The ditch segment through the Golf Course includes a long flume and leads to a section through a narrow steep cleft that’s not really appropriate for bikes. Even if you can ride this without getting wet, think about what you’re putting in the water. The loop follows the surface streets in this area: South Fork Road merges with Middle Camp Road, look for Mt. Elizabeth Road on the right to climb back to the ditch for the return to the parking area or to climb again to start the Cedar Ridge loop.
To do the Cedar Ridge loop, look for a wide open road/clearing on the right at the hairpin turn just before the final ascent to the tower. Ride up to the tower just to see it, beat on your chest, and to confirm where you are. It’ll be clear which switchback it is on the way back down.
The trail starts on the far side of the clearing.
The trail is a former OHV trail along a ridge which has been closed to motorized use by placing boulders across the entrance. Parts of the trail are any or all of quite steep, eroded, or rocky and there is often a significant cross slope. Visibility is good and moderately skilled rider can do a pretty speedy descent. About two-thirds down the ridge there is a steep trail turning off on the left. The left turn is out of control steep and amazingly eroded, so stay on the trail to the right. Toward the bottom, the ridge trail gets steeper.
Zig zag back to civilization on Forest Routes 3N09Y, 3N15Y, and 3N02. The signage is poor, but the roads are shown on the Google Earth map and the quad maps. If you take a wrong turn it’s likely that you will very shortly face a ridiculously steep hill or it may occur to you that you are descending into deeply shaded river canyon. The roads you want to follow back to Cedar Ridge are pretty reasonable and work back to the south. After the gate, a very short section of Keltz Mine Road leads you back to Kewen Mill Road and a steep climb on pavement back to the parking area at the ditch.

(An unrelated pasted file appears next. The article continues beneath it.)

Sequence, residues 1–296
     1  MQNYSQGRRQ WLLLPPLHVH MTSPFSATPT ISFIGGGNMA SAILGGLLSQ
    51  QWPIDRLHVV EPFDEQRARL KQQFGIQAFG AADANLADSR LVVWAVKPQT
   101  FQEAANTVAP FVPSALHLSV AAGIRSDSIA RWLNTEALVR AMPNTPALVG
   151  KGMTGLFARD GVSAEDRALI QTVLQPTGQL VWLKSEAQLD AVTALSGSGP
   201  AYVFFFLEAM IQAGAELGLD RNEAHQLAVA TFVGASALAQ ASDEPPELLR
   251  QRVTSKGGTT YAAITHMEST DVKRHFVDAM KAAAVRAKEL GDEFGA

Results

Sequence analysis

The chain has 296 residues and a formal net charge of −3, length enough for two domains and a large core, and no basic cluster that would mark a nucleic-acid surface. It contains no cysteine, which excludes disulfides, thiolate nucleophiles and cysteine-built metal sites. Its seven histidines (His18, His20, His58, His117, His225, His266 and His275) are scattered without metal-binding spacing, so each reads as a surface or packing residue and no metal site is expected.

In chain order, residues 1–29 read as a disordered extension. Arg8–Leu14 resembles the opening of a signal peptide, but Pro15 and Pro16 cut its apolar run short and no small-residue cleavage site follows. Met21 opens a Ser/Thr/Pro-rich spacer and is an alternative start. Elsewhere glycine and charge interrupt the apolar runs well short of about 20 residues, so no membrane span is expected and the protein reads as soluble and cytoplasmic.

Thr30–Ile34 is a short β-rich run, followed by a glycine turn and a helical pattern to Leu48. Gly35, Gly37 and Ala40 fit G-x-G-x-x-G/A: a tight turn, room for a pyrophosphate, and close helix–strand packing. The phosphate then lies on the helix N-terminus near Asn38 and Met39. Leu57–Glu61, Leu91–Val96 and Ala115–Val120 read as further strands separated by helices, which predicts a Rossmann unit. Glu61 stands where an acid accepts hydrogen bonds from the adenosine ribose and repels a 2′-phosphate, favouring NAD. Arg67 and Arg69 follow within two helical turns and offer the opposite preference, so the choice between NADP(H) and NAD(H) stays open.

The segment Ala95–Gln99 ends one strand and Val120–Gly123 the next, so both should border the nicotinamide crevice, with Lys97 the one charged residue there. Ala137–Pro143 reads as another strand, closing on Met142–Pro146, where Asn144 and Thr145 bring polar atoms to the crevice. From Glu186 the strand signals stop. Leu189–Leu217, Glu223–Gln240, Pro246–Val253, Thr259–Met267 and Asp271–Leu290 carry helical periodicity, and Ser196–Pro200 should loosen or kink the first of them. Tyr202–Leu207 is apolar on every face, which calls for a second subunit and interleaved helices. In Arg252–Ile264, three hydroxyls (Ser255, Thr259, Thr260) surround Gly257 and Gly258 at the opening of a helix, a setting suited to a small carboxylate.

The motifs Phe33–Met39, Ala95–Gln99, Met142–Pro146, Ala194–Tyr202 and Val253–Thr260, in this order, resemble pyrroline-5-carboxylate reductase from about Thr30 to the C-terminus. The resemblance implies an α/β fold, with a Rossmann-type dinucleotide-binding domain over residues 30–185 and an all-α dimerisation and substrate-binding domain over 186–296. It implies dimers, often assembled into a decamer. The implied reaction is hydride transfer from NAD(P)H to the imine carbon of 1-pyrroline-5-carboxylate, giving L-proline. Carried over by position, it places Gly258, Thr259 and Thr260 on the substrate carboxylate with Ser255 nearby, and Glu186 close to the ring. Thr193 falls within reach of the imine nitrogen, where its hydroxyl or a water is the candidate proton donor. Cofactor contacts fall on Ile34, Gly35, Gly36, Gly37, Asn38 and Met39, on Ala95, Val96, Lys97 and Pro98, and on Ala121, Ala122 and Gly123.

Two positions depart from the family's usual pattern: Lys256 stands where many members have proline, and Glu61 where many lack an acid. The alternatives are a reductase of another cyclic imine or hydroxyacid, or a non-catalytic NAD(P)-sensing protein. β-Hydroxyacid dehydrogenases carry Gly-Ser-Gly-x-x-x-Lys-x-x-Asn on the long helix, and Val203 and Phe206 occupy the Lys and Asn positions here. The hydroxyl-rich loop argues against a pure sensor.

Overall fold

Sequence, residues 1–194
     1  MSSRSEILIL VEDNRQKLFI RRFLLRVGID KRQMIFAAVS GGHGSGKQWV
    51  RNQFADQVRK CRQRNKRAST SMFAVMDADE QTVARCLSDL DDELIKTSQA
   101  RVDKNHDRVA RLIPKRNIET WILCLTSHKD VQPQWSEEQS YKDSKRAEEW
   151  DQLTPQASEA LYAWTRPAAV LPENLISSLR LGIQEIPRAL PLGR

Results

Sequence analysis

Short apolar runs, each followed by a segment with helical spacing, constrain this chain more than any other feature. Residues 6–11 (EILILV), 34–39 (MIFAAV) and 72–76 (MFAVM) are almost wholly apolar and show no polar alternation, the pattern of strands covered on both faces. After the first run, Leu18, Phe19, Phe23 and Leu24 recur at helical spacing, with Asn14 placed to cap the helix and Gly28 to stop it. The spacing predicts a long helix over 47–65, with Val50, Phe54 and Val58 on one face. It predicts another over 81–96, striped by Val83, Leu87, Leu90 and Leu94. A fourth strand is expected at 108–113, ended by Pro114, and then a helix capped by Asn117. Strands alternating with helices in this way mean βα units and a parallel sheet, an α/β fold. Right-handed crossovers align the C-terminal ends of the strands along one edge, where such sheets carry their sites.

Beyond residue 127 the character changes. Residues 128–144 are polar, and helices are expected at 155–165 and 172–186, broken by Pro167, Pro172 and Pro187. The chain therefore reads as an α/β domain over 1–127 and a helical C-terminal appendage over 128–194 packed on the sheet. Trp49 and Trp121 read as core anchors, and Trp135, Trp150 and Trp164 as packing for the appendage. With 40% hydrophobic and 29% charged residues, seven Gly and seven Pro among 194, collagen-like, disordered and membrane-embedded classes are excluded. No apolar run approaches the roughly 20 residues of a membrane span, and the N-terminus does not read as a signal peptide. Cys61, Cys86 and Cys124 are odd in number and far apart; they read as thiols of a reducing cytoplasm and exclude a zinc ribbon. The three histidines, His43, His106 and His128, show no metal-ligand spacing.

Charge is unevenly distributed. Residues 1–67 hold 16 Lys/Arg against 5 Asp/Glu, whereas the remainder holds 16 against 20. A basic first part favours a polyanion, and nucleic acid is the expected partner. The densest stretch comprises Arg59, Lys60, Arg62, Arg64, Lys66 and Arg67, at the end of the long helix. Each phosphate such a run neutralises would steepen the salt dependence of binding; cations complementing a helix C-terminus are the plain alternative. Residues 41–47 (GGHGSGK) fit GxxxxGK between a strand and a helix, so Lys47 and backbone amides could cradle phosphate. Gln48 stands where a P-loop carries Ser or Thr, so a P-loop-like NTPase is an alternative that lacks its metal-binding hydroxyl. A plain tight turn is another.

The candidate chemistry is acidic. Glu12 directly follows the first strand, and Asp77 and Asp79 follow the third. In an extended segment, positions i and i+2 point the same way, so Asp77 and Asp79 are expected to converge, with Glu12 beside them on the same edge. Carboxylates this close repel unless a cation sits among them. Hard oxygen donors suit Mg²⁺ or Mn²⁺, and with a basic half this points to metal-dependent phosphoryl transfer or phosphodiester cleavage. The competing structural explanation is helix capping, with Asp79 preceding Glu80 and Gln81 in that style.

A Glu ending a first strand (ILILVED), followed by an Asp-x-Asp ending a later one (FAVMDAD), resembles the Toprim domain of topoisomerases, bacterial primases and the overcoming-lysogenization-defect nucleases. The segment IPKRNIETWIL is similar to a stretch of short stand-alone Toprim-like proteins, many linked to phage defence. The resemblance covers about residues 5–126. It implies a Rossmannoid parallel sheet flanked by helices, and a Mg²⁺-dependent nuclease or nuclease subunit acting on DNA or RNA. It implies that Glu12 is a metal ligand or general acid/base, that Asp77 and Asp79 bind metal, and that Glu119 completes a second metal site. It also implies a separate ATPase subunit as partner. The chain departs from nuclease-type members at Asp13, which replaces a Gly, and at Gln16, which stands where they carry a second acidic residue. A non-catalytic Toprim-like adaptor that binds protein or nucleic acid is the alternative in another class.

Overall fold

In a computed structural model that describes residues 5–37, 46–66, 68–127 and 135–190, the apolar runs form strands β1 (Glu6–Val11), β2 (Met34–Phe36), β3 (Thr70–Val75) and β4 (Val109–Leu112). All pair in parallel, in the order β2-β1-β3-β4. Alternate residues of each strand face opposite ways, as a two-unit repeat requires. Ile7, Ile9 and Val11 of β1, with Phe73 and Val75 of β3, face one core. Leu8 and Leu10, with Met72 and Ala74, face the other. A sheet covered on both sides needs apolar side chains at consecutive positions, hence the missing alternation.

The ditch trails do not have formal right of way but the public has used them for years. Be aware that you are on private property and that the utilities do not consider their easements to cover recreational users. Please treat property owners and other trail users with respect. I started these loops from Cedar Ridge; for access to bathrooms and water they could just as easily be started from Eprosen Park in Twain Harte by riding surface streets to get to Mt. Elizabeth Road.
Download the Google Earth bike map featuring this loop Download or update Google Earth for free: http://www.google.com/earth/download/ge/
Get help with using Google Earth to view the map file
Download the .gpx file for the loop if you want to upload it to a GPS
- Downside—Steep climbing, navigating on poorly marked and seemingly remote roads and trails, winter snow and late spring mud are possibilities.
- Upside—Easy access, good short fast rides, easy to combine with other loops to extend.
- 9 miles, about 2,000 feet total climb for each loop.
- roads: paved, gravel, dirt.
- terrain: moderate to very steep.
- tires: mountain.
- seasons: All but winter.
- current weather